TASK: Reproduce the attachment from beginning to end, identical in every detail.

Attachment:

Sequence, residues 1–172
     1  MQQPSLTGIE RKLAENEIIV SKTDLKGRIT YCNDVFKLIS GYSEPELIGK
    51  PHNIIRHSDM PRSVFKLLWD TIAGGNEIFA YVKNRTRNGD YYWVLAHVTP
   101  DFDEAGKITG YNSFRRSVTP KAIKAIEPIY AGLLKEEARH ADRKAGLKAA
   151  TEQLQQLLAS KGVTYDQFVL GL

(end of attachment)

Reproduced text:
Sequence, residues 1–172
     1  MQQPSLTGIE RKLAENEIIV SKTDLKGRIT YCNDVFKLIS GYSEPELIGK
    51  PHNIIRHSDM PRSVFKLLWD TIAGGNEIFA YVKNRTRNGD YYWVLAHVTP
   101  DFDEAGKITG YNSFRRSVTP KAIKAIEPIY AGLLKEEARH ADRKAGLKAA
   151  TEQLQQLLAS KGVTYDQFVL GL